ind <- sample(2, nrow(, replace=TRUE, prob=c(0.7, 0.3))
trainData <-[ind==1,]
testData <-[ind==2,]
myFormula <- quality ~ fixed.acidity + volatile.acidity + citric.acid + residual.sugar + chlorides + free.sulfur.dioxide + total.sulfur.dioxide + density + pH + sulphates + alcohol
table(predict(wine_ctree), trainData$quality)

Now, I Need to Print a list of candidate attributes possible for Root node. ie node with minimal deviation in (im)purity values from Selected Root Node. Is there any way to use built in functions or do I have to modify the source?

by dvs at May 02, 2016 06:33 PM


Maximum weight matching and submodular functions

Given a bipartite graph $G = (U \cup V, E)$ with positive weights let $f: 2^U \rightarrow \mathbb{R}$ with $f(S)$ equal to the maximum weight matching in the graph $G[S\cup V]$.

Is it true that $f$ is a submodular function?

by George Octavian Rabanca at May 02, 2016 06:30 PM


When would the worst case for Huffman coding occur?

I am doing a project on Huffman coding and wanted to know when it wouldn't be ideal to use or rather when would the Huffman coding produce low compression. Since it mainly revolves around the frequencies of the characters present in the input text, I believe the answer is also going to be related to that.

This is what I got from wiki.

The worst case for Huffman coding can happen when the probability of a symbol exceeds 2^(−1) = 0.5, making the upper limit of inefficiency unbounded.

So if a character appears more in our input text, would it ensure good or bad compression? According to wiki, if the probability of symbol exceeds 0.5 (meaning that if a character appears more in our input text), it would be produce bad compression. But from what I understand, in Huffman coding, the more a character appears, the more better it is for us to get compression right?

Well anyway I just want to know in which type of files or text data, our Huffman coding would get bad compression. Maybe I am overthinking, but a little help would be great.


P.S: I don't think this question is subjective, I know that there is a specific answer to it. All I want is a worst case, I don't presume it's subjective?

by rohitkrishna094 at May 02, 2016 06:25 PM

How to find a value in R with attributes? [on hold]

For example, I have the following dataset:

enter image description here

from the above, I can see that for User U1, the score he rated for Life so far is 3.

How can I write a code to find the value under X.4 when User = U1?

by Brenda Zhao at May 02, 2016 06:19 PM

Construct DFA given oracle access to the language

I was given a question the following question.

Given a minimal DFA $A$ with $m$ states over some alphabet $\Sigma$ which is a "black box" (you can only run words to it and it tells you if it accepts or not):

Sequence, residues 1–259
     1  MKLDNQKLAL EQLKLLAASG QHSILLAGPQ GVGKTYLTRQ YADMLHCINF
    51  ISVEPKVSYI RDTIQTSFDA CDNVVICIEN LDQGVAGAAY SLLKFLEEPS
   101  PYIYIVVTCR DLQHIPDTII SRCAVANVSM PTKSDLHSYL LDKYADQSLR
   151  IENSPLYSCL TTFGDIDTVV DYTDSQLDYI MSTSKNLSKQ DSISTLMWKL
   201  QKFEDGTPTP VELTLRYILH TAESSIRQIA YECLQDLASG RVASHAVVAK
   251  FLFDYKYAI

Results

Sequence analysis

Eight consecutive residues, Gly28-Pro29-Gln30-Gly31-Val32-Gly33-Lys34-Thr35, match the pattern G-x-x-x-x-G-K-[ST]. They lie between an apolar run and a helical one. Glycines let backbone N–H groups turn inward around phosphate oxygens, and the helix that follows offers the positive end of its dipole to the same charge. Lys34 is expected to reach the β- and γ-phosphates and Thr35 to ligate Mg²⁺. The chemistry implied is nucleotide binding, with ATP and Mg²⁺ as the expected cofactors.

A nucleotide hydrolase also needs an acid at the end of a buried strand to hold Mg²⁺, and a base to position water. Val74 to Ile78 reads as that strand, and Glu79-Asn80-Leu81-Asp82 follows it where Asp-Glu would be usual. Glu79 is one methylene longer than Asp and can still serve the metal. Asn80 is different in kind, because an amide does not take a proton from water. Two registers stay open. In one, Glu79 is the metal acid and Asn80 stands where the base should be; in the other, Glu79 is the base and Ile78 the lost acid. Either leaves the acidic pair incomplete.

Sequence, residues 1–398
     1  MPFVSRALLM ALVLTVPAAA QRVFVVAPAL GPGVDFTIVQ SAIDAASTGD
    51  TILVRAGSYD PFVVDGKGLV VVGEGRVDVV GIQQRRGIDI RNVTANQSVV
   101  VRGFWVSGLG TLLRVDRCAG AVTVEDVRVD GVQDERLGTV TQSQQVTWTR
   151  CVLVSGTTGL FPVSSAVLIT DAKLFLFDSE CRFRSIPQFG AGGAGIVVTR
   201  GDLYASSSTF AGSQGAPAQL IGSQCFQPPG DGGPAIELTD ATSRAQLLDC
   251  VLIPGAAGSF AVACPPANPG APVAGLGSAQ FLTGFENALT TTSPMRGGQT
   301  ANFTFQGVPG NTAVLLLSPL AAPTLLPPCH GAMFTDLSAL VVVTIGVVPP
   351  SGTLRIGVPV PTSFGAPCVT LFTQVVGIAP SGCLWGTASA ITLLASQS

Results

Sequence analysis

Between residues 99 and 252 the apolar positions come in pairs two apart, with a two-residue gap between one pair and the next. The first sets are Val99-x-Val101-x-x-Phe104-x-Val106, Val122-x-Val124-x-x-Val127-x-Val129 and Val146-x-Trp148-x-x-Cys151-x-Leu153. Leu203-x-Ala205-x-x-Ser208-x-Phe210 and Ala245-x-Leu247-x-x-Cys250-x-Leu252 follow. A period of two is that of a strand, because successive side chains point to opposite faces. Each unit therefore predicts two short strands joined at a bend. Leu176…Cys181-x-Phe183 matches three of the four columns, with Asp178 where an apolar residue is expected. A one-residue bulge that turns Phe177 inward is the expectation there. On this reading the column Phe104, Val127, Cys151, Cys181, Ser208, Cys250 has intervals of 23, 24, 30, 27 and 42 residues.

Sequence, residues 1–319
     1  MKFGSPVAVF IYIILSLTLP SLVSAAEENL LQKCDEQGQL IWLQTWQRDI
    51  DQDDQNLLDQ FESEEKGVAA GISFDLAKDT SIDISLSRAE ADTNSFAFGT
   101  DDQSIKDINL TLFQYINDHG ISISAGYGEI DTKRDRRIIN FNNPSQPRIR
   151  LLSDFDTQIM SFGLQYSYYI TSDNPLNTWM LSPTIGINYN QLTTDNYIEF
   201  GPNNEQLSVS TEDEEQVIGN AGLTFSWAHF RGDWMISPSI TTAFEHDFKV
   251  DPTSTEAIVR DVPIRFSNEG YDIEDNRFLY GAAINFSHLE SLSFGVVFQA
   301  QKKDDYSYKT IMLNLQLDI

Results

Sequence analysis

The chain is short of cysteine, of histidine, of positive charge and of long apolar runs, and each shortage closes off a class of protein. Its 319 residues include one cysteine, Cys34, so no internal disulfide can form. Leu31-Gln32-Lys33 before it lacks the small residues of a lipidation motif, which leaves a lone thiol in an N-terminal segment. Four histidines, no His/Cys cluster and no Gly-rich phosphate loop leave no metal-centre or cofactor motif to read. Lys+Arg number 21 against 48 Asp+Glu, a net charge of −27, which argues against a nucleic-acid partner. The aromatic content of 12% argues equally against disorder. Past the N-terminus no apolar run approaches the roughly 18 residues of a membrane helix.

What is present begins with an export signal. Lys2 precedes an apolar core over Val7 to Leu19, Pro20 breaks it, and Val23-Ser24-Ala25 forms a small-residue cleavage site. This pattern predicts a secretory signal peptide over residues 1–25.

a) describe an algorithm that allows you to find the equivalence classes of the Myhill-Nerode relation and then,

b) describe how you can reconstruct $A$ using the equivalence classes.

I managed to solve the first part using a brute force algorithm that checks all the words with length at most $m$. So now I have the equivalence classes but I don't know how to solve (b), how to reconstruct the DFA and its transition function. I think of looking at the representing words of the classes in lexicographic order then choosing the $m$ states from left to right corresponding to the words as an encoding, then the accepting states will be the states of the words which the black box automaton accepts and $q_0$ will be the state of $\epsilon$'s equivalence class which clearly is an equivalence class. But now the hard part is the transition function.

by Lior at May 02, 2016 06:10 PM




How to implement equi-recursive types in PLT Redex?

I believe that I understand both equi-recursive and iso-recursive types quite well. Hence, I've been trying to implement a type checker for ISWIM with equi-recursive types in PLT Redex. However, for the life of me I can't figure out how to make type equivalence work. Everything else works great.

This is my language:

(define-language iswim
  [X  ::= variable-not-otherwise-mentioned]
  [b  ::= number true false unit]
  [O  ::= + - * =]
  [M  ::= b X (λ (X : T) M) (M M) (if M M M) (O M M)
      (pair M M) (fst M) (snd M) (inL M T) (inR M T)
      (match M (λ (X : T) M) (λ (X : T) M))]
  [V  ::= b (λ (X : T) M) (pair V V) (inL V T) (inR V T)]
  [T  ::= X Unit Bool Num (T -> T) (T + T) (T × T) (μ (X) T)]
  [Γ  ::= () (X T Γ)]
  (λ (X : T) M #:refers-to X)
  (μ (X) T #:refers-to X))

The type checker is a judgment form (I think the "App" case is wrong):

(define-judgment-form iswim
  #:mode (types I I O)
  #:contract (types Γ M T)

  [-------------------- "Number"
   (types Γ number Num)]

  [-------------------- "True"
   (types Γ true Bool)]

  [-------------------- "False"
   (types Γ false Bool)]

  [-------------------- "Unit"
   (types Γ unit Unit)]

  [(where T (lookup Γ X))
   -------------------- "Var"
   (types Γ X T)]

  [(types (X T_1 Γ) M T_2)
   -------------------- "Abs"
   (types Γ (λ (X : T_1) M) (T_1 -> T_2))]

  [(types Γ M_1 T_1)
   (types Γ M_2 T_2)
   (equiv-types T_1 (T_2 -> T_3))
   -------------------- "App"
   (types Γ (M_1 M_2) T_3)]

  [(types Γ M_1 Bool)
   (types Γ M_2 T)
   (types Γ M_3 T)
   -------------------- "If"
   (types Γ (if M_1 M_2 M_3) T)]

  [(types Γ M_1 Num)
   (types Γ M_2 Num)
   (where T (return-type O))